Did you actually measure how much time forks take? Quoting the page you linked,
Linux never had this problem; because Linux used copy-on-write semantics internally, Linux only copies pages when they changed (actually, there are still some tables that have to be copied; in most circumstances their overhead is not significant)
So the number of forks doesn't really show how big the overhead will be. You should measure the time consumed by forks, and (which is a generic advice) consumed only by the forks you actually perform, not by benchmarking maximum performance.
But if you really figure out that forking a large process is a slow, you may spawn a small ancillary process, pipe master process to its input, and receive commands to
exec from it. The small process will
exec these commands.
This function, as far as I understand, is implemented via
exec on desktop systems. However, in embedded systems (particularly, in those without MMU on board), processes are spawned via a syscall, interface to which is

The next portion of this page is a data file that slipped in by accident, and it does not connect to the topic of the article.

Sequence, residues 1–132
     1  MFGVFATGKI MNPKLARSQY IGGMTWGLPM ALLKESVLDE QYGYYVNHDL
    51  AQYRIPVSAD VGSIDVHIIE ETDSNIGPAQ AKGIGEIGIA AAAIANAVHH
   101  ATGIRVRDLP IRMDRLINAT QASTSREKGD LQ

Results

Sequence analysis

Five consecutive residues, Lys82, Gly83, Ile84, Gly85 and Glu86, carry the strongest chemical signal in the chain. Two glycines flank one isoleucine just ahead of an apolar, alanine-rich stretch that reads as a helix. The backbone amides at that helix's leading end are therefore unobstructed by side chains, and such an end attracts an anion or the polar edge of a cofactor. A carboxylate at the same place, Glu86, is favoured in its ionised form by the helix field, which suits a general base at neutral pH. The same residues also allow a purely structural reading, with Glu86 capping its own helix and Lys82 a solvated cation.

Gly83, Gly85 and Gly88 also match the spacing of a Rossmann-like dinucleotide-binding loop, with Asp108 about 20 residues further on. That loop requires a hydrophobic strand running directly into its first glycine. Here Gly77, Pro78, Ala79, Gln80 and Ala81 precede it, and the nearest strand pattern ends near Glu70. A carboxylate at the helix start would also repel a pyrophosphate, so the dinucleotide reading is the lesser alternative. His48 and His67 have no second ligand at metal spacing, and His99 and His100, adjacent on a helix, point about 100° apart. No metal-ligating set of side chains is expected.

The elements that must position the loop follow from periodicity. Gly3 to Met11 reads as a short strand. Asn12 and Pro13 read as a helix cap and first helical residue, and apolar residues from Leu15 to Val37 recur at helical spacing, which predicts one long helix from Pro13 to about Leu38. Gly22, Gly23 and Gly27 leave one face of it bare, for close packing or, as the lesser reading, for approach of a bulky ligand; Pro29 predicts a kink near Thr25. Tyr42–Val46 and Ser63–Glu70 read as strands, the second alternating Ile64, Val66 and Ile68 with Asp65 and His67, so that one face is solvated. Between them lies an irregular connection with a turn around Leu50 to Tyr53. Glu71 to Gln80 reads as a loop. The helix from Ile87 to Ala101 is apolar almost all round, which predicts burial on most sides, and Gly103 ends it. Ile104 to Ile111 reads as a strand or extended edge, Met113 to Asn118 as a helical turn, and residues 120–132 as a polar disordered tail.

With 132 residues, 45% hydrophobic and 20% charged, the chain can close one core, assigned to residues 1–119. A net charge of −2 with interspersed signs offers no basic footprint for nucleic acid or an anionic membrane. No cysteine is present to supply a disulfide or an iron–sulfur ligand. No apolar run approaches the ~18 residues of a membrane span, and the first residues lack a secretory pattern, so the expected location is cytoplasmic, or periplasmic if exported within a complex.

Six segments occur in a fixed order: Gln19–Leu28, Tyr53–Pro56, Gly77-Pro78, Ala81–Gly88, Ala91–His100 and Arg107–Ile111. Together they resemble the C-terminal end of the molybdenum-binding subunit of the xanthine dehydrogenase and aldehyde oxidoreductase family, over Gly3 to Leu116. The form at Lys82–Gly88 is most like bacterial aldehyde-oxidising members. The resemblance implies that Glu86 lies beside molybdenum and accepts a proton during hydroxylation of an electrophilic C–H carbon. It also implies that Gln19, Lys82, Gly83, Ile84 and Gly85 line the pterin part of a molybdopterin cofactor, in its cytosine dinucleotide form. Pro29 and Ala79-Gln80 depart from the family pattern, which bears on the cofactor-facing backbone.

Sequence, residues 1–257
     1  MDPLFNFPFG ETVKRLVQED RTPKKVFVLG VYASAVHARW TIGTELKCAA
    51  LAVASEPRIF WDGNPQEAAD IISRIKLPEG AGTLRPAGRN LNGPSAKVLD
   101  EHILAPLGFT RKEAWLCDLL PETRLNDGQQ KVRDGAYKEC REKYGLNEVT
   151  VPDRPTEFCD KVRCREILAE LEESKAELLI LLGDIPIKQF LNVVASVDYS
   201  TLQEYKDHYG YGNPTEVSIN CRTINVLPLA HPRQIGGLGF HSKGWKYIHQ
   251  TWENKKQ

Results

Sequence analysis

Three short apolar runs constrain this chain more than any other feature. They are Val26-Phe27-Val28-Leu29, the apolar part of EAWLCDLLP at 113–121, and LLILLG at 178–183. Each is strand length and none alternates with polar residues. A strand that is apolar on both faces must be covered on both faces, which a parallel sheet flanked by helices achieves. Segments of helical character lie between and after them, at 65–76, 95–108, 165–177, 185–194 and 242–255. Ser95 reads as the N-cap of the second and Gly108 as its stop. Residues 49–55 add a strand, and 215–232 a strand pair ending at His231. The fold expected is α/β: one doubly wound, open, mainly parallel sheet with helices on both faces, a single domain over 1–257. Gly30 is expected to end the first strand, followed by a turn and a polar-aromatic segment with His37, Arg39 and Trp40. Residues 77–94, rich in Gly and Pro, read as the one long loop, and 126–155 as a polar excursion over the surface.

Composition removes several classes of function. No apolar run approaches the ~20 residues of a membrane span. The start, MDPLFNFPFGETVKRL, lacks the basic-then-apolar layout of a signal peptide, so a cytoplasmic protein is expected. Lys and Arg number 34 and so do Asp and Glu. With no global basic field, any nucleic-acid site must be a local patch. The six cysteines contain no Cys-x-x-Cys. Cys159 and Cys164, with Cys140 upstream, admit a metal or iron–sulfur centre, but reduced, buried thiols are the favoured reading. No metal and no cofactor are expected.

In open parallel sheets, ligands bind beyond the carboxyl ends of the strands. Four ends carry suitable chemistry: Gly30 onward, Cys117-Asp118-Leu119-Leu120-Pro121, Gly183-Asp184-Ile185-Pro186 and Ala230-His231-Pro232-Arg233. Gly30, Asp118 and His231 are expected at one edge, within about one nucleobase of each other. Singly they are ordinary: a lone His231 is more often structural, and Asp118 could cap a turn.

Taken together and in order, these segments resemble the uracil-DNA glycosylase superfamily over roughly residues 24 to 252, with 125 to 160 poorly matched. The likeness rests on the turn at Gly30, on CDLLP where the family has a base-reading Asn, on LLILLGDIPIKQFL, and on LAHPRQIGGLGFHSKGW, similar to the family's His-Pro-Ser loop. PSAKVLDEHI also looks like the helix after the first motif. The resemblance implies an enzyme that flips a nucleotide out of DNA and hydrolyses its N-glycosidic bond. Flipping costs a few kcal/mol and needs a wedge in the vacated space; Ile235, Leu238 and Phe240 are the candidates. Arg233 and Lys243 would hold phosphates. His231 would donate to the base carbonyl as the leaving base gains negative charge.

posix_spawn or a similar function. Quoting the informative section of POSIX standard describing
Swapping is generally too slow for a realtime environment.
Dynamic address translation is not available everywhere that POSIX might be useful.
Processes are too useful to simply option out of POSIX whenever it must run without address translation or other MMU services.
Thus, POSIX needs process creation and file execution primitives that can be efficiently implemented without address translation or other MMU services.
I don't think that you will benefit from this function on desktop if your goal is to minimize time consumption.